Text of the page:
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Bollinger Band Feature Analysis

By: | 04/29/2015
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Bollinger Bands are one of the more popular technical indicators with many traders using them to both trade the range as well as look for breakouts. However, what features and values should you really be looking at when you are using Bollinger Bands to trade?

In this article we will use a random forests, a powerful machine learning approach, to find what aspects of the Bollinger Bands are most important to a GBP/USD strategy on 4-hour charts.

Bollinger Bands

Bollinger Bands, a technical trading tool developed by John Bollinger in the early 1980s, provide a relative measure of the range of the market. During times of high volatility the trading range will naturally be larger, while in times of low volatility the range will be smaller.

Bollinger Bands are a combination of three lines. The middle line is a simple moving average (usually 20 periods) with the upper line being 2 standard deviations of the close above the middle line and and the lower line being 2 standard deviations below the middle line. Bollinger Bands

Higher volatility will lead to larger standard deviations and therefore a wider range between the upper and lower bands.

When using the Bollinger Bands in any sort of systematic strategy, the three different lines present some questions and issues; namely, what single factor should you include? Do you want to look at where the current price is relative to the range? Maybe you are only concerned with the upper band for short trades and the lower band for long trades, or do you want to look at the total height of the range?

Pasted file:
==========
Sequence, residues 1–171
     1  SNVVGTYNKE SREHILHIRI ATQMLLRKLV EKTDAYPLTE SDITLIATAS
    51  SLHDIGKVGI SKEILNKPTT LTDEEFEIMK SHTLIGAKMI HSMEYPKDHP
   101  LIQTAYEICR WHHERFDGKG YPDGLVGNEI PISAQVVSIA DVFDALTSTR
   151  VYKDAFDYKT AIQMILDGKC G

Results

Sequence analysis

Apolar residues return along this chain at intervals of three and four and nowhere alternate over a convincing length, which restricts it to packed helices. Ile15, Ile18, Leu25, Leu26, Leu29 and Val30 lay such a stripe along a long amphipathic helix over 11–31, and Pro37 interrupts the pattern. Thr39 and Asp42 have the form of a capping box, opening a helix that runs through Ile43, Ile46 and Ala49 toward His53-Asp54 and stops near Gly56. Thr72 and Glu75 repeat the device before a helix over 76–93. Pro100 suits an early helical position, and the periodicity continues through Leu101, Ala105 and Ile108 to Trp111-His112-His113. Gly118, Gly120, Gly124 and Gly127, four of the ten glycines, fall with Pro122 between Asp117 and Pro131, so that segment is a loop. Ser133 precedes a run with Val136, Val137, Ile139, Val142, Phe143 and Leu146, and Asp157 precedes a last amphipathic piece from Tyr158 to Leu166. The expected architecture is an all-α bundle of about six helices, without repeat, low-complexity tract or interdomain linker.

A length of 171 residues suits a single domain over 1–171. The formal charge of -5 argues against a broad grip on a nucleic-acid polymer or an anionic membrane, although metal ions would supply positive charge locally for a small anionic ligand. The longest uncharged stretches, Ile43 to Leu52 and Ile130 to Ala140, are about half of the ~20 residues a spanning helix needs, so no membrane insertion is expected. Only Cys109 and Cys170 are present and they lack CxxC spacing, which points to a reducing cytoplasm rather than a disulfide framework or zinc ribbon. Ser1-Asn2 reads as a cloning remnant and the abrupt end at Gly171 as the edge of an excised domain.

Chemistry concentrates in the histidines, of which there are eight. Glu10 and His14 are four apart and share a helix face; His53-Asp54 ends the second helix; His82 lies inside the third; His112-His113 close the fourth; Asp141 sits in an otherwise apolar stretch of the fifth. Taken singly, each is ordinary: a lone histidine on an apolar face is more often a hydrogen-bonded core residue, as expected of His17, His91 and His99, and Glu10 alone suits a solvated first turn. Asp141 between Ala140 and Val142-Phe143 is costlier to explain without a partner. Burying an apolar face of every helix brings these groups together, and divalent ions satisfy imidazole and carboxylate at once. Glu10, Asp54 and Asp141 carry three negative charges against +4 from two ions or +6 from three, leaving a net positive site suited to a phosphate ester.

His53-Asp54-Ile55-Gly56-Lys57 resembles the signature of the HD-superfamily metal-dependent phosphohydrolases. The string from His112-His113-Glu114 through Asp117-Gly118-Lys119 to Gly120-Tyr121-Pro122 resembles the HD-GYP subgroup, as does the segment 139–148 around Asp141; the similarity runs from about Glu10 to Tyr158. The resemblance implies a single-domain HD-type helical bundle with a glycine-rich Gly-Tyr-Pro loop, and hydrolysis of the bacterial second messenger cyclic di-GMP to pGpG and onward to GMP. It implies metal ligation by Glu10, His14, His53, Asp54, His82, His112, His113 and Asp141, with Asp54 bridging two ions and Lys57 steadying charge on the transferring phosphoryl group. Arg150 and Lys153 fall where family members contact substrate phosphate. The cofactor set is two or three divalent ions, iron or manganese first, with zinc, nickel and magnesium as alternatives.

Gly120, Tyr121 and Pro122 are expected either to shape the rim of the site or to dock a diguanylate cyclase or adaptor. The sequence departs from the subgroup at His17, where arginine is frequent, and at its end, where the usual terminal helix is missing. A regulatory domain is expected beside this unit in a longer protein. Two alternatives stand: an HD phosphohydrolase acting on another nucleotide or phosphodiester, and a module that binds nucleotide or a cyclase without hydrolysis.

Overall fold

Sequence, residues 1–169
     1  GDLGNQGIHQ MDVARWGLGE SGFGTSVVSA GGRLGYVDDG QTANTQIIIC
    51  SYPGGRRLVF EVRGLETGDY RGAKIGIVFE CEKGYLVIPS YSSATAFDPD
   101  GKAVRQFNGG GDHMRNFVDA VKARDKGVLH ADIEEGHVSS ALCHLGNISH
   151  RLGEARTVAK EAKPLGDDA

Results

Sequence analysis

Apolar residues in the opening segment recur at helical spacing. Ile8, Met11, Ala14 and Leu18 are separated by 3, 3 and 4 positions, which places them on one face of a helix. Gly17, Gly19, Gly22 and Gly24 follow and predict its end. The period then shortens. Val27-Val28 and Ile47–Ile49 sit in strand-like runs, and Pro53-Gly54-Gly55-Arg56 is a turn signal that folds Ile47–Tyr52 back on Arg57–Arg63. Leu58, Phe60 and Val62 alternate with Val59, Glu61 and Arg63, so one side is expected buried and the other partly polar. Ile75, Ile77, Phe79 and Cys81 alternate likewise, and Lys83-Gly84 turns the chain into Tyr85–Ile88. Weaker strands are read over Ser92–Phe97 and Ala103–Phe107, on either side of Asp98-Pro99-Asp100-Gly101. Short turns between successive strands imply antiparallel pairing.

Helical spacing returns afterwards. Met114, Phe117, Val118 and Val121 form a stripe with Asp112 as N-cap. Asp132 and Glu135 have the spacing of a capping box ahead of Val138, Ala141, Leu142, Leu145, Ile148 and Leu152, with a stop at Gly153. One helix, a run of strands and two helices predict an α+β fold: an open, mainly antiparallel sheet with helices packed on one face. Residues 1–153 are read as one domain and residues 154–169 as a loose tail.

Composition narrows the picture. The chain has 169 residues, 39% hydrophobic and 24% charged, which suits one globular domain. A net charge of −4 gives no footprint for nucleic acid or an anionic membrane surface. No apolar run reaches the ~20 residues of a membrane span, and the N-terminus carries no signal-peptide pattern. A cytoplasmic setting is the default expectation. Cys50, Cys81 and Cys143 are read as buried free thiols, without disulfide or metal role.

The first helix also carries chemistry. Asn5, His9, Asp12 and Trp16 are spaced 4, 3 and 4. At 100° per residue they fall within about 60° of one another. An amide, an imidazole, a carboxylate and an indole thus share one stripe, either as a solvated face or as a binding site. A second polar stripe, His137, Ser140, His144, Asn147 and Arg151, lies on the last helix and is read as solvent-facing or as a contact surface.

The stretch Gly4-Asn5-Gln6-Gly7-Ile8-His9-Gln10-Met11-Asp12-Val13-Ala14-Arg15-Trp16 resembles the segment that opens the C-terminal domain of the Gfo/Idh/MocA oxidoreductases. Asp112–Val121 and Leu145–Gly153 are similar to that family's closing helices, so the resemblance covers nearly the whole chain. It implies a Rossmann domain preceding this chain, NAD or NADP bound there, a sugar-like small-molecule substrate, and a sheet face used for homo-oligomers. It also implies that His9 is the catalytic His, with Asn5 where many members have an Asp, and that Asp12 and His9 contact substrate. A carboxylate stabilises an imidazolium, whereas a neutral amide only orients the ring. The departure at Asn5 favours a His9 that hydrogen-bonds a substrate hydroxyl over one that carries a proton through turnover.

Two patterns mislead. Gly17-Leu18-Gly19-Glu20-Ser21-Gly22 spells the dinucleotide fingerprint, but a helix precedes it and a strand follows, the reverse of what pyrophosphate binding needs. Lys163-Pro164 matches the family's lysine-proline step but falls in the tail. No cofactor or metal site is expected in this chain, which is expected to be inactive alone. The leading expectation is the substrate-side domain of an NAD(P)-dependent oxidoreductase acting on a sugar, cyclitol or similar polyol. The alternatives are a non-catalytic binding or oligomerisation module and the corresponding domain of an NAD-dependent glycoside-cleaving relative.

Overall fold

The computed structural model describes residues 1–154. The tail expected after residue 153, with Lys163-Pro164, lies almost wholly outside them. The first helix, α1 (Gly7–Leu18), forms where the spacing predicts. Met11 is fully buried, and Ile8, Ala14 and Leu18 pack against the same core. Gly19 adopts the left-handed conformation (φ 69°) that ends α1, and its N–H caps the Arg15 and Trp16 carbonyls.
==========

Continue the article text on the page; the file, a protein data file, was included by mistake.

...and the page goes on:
There are huge number of different values you could look at and this process, known as “feature” selection in the machine learning world, is incredibly important.

Choosing the correct feature that contains the most information relevant to your strategy can have a huge impact on the performance of your strategy.

Instead of needing to evaluate these features yourself, we can use a random forest, a powerful machine learning technique, to objectively evaluate these features for us.

Random Forests

Random forests are an ensemble approach that are based off the principle that a group of “weak learners” can be combined to form a “strong learner”. Random forests start with building a large number of individual decision trees.

Decision trees enter an input at the top of the “tree” and send it down its branches, where each split represents varying levels of indicator values. (To learn more about decision trees, take a look at our previous post where we used a decision tree to trade Bank of America stock.)

Here’s the decision tree we built in a previous post: Decision Tree

Individual decision trees are seen as fairly weak learners, meaning they can very easily overfit the data and have trouble generalizing well to new data. Combined into “forests” with thousands of “trees”, these simplistic algorithms can form a very powerful modelling approach.

The success on a random forest is derived largely from the ability to create large amount of variability among the individual trees. This is accomplished by introducing a degree of randomness in two different ways:

From these two sources of randomness we have created an entire forest of diverse trees. Now for each data point, each tree is called to make a classification and a majority vote decides the final decision.

One major advantage of random forests is they are able to give a very robust measure of the performance of each indicator. With thousands of trees each built with a different bagged training set and subset of indicators, they tell which indicators were most important in deciding the class of the variable we are trying to predict, in this case the direction of the market.

We take advantage of this valuable property of random forests to figure out which features, derived from the Bollinger Bands, we should be using in our strategy.

Feature Creation

First we have to decide what features to derive from the Bollinger Bands. This an area where you can get creative in coming up with fancy calculations and formulas but for now we’ll stick to 8 basic features:

Let’s also look at the percent change of each of the features to add a temporal aspect:

Now that we have our 8 features, let’s build our random forest to see which features we should be using in our strategy.

Building Our Model